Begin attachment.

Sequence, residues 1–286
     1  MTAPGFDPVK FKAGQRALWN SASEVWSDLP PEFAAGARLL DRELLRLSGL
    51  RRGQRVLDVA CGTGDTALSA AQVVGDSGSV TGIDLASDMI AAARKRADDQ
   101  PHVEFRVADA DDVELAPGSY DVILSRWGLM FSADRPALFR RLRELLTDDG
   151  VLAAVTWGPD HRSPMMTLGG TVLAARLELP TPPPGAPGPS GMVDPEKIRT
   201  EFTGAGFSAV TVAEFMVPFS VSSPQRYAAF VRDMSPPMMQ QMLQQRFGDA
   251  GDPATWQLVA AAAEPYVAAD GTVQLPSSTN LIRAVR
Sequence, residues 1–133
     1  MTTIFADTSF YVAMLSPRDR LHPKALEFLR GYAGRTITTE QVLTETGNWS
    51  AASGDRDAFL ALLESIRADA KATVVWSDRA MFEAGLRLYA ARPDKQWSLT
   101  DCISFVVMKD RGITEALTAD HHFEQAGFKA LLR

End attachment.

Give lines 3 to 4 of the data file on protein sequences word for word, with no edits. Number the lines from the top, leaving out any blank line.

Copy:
    51  RRGQRVLDVA CGTGDTALSA AQVVGDSGSV TGIDLASDMI AAARKRADDQ
   101  PHVEFRVADA DDVELAPGSY DVILSRWGLM FSADRPALFR RLRELLTDDG